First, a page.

# Bessel integral, solving strategy?

1. Nov 18, 2009

### alyflex

Hello, I'm writing my bachelor project, and I've come across the following integral which according to the article I'm reading can be solved analytical.

The integral is the following:
$$R(E)= \int_{-\sqrt{2E}}^{\sqrt{2E}} dx J_{(0)}\left(\sqrt{ \frac{\pi}{2}} x \sqrt{E-\frac{1}{2} x^2 }\right)$$

The analytical solution is according to the article the following:
$$R(E)= \sqrt{2 \pi} \sqrt{E/4} J_{(-1/4)} (E/4) J_{(1/4)}(E/4)$$

I'm guessing the way to solve this integral is by substitution.

Here is what I have tried so far:

$$R(E) = \int_{-\sqrt{2E}}^{\sqrt{2E}} dx J_0 \left( \sqrt{\pi/2} x \sqrt{E-1/2x^2} \right)$$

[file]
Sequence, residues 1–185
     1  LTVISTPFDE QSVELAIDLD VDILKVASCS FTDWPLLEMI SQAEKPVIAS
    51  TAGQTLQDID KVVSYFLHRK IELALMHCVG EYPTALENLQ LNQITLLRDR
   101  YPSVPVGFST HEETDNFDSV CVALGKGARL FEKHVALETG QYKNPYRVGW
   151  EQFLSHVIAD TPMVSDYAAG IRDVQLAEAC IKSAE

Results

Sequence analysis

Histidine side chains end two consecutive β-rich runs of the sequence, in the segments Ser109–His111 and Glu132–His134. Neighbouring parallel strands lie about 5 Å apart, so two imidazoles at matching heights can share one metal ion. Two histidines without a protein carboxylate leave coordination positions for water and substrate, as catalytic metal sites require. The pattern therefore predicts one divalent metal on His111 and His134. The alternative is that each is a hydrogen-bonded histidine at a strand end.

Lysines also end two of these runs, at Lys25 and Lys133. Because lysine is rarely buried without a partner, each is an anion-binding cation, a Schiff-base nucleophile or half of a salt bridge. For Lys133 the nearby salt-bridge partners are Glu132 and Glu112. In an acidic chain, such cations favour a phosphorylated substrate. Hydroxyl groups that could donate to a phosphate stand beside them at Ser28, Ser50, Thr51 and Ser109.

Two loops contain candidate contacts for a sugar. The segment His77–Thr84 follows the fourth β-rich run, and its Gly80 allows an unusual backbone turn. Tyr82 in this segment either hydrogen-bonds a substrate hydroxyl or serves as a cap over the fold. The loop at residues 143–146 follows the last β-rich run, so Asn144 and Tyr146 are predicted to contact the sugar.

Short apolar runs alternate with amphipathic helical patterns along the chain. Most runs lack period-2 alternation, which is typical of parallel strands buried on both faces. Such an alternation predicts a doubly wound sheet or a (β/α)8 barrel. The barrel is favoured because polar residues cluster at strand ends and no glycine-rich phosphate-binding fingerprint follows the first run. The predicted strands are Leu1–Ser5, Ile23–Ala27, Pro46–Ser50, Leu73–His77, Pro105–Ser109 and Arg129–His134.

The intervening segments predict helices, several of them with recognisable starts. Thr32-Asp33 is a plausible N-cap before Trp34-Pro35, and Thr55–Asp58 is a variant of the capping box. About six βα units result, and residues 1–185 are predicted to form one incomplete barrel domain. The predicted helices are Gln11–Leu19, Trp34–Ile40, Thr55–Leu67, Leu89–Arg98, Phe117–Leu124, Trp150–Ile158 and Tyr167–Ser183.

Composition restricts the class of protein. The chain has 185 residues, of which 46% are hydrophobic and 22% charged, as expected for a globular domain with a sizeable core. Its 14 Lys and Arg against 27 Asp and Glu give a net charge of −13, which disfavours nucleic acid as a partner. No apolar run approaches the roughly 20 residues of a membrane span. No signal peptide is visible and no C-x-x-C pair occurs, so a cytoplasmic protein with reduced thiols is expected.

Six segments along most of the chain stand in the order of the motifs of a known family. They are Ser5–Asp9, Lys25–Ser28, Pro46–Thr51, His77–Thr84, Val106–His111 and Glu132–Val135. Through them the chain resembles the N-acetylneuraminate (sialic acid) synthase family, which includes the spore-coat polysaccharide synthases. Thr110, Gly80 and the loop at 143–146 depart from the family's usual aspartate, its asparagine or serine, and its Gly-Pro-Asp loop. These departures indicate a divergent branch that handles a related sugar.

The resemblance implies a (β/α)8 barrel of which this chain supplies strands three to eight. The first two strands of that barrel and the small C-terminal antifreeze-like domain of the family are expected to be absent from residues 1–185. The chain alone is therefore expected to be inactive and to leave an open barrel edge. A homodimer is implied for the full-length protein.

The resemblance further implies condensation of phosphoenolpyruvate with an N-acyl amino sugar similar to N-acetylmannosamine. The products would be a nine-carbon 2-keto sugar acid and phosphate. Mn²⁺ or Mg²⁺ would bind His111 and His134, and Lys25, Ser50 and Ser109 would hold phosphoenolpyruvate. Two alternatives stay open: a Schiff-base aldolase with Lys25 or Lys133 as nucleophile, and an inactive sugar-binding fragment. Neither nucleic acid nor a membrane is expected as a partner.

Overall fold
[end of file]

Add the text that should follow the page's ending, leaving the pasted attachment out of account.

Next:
$$y &=\sqrt{\pi/2} x \sqrt{E-1/2x^2}$$

$$dy &=\sqrt{\pi/2} \left( dx \sqrt{E-1/2x^2} - \frac{x^2 dx}{2 \sqrt{E-1/2x^2}} \right) = dx \left( \frac{y}{x}- \frac{x^3 \pi}{4y} \right)$$
Which is where I hit a dead end.

Another problem is that the borders with a shift like this will be zero so I will have to split the integral into atleast 2 pieces.
since
$$x= \pm \sqrt{2E} \Rightarrow y=0$$
and
$$x=0 \Rightarrow y=0$$

Any help would be greatly appreciated!

Just for the sake of completeness the article I'm reading is the following:
http://arxiv.org/abs/physics/0309060
where the solution is equation (22) and the integral is giving in equation (18)